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Berlin, Germany

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The Black Market Boutique - Refugees Welcome Support

Saturday, 05 December 2015

Syrian refugees in the chilly European winter

When we turn on the news, read a newspaper or scroll through our newsfeed on Facebook, amongst cat vids and friends’ traveling pics are articles on the Syrian refugee crisis. Not only are there 4.3 million refugees continuing to flee war and persecution, 6.6 million are displaced within Syria. And with the freezing winter around the corner, many children, women and men will lack basic winter necessities most of us take for granted such as warm clothes, a blanket and shelter above their heads.

Flüchtlinge Willkommen, also referred to as Refugees Welcome is a Berlin based website that helps refugees find a place to stay for free by connecting them with hosts. For the month of December, 5% of The Black Market’s profits will be donated to help Refugees Welcome expand internationally. So far they’ve found homes for nearly 500 refugees across Germany, Sweden and The Netherlands, to name a few.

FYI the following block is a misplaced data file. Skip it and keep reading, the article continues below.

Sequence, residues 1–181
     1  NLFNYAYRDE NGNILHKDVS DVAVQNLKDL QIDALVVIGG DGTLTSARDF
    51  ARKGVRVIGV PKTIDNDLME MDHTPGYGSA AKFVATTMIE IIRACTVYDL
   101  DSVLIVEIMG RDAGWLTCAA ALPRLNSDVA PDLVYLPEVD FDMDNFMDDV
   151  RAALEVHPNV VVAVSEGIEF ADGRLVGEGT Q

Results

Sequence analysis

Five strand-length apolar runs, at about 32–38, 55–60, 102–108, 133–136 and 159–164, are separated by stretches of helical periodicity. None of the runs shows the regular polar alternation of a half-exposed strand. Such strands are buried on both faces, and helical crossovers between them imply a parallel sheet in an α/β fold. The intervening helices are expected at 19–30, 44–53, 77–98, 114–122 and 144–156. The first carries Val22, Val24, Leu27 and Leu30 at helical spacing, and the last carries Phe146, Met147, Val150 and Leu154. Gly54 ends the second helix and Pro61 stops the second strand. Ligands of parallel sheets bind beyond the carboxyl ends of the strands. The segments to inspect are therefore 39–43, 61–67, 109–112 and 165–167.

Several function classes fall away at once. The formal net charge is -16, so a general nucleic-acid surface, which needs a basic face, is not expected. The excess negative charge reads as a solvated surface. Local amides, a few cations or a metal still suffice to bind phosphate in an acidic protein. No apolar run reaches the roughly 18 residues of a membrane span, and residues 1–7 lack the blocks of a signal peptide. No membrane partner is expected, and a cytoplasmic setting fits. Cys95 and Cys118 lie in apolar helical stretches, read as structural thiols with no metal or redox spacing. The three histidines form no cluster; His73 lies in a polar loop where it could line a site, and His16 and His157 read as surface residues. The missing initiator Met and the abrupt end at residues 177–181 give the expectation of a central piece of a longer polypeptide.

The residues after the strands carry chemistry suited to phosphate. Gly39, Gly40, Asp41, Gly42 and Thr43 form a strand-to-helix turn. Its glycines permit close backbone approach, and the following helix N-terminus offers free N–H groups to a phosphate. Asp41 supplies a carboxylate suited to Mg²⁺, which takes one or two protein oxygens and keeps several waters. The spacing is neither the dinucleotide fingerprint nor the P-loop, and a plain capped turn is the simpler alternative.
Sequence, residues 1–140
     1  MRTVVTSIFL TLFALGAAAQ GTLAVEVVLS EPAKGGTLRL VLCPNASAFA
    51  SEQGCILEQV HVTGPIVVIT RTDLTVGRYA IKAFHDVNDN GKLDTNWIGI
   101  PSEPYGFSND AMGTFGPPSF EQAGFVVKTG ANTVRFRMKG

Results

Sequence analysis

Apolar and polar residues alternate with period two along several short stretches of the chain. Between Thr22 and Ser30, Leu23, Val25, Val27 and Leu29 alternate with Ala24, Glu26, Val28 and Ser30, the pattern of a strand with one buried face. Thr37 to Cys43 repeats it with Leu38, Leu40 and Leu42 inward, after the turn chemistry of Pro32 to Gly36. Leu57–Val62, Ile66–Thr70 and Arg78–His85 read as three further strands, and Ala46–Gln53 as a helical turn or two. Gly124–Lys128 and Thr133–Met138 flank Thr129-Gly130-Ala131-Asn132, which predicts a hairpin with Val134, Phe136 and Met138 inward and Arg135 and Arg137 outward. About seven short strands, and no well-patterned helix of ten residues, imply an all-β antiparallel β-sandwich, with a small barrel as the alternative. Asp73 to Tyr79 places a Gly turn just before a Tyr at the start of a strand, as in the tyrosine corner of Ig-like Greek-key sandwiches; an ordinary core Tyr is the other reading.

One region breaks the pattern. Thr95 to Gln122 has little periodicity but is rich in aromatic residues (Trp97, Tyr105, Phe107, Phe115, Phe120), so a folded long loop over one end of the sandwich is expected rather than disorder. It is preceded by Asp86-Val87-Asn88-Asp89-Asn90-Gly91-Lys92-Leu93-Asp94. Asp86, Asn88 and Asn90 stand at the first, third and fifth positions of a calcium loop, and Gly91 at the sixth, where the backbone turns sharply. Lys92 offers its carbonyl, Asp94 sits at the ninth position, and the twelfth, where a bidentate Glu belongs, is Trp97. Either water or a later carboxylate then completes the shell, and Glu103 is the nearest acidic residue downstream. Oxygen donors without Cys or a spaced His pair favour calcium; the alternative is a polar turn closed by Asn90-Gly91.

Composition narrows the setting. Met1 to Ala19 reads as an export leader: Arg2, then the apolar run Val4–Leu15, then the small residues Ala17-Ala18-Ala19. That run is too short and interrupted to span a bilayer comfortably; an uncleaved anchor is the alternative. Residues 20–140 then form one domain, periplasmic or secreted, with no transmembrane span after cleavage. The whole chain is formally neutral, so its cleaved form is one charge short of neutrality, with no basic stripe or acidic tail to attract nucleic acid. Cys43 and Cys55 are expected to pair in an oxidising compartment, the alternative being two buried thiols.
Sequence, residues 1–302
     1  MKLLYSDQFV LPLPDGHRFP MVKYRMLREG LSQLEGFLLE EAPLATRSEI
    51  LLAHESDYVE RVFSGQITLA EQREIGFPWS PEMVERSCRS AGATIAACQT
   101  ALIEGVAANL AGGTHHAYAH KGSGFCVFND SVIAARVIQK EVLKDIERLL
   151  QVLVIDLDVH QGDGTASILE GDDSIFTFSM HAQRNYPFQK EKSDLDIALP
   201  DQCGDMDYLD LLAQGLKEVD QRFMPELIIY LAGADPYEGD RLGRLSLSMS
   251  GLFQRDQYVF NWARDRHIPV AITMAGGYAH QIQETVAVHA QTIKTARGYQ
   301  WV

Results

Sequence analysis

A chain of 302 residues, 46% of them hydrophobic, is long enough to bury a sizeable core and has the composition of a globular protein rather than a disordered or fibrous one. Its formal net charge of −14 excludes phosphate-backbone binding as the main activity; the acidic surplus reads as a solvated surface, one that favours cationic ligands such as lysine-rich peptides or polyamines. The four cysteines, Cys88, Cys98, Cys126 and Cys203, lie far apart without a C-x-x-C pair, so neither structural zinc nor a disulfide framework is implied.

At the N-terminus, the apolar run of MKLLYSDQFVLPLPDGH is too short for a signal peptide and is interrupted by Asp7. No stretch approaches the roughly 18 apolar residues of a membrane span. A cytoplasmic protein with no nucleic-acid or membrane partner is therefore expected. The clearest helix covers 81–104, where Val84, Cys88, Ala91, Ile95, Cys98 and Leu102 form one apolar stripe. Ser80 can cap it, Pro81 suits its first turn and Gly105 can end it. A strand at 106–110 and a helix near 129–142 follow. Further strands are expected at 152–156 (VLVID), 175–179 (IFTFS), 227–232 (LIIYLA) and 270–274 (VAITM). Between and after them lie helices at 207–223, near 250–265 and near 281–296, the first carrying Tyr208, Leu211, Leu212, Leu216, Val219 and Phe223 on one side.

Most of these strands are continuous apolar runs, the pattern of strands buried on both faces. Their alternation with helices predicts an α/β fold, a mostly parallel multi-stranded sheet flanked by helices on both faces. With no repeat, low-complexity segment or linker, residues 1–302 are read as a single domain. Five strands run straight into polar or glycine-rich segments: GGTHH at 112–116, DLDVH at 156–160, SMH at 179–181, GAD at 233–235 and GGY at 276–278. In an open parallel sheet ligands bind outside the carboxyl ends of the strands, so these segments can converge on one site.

The Black Market HQ is newly and proudly based in Berlin. And while this city is infamous for its clubs, art culture and youth attired in black clothes, if you dig a little deeper, you’ll discover a humble place of sharing and generosity. Every week I get invited to club nights, art events and workshops, all wanting to raise money to help refugees assimilate into German culture. There are countless Facebook groups to teach German and websites such as My Vostel, who make volunteering as easy as a click of a mouse.

Still, I know many people who want to help, but don’t think they can – either because they’re inexperienced or because they lack the time. Especially amidst the Christmas present shopping, holiday drinking, studies, work… time always feels so limited around the holiday season. Shamefully, I fall into this category. Sure, I used to help feed the homeless back in Sydney’s King’s Cross during my High School years, however since then, i’ve made the odd donation to support friends’ charity marathons.

Millennials have a bad reputation. Those born between 1980 and the mid-2000s are often stereotyped as being lazy, selfish and privileged. And while there may be some truth in this, new research also describes us as the “giving generation,” as we are volunteering and donating more than ever… for a cause we’re passionate about. So go onto Google and find out how you can help out locally as we link arms and strive to solve the refugee crisis together.

The Black Market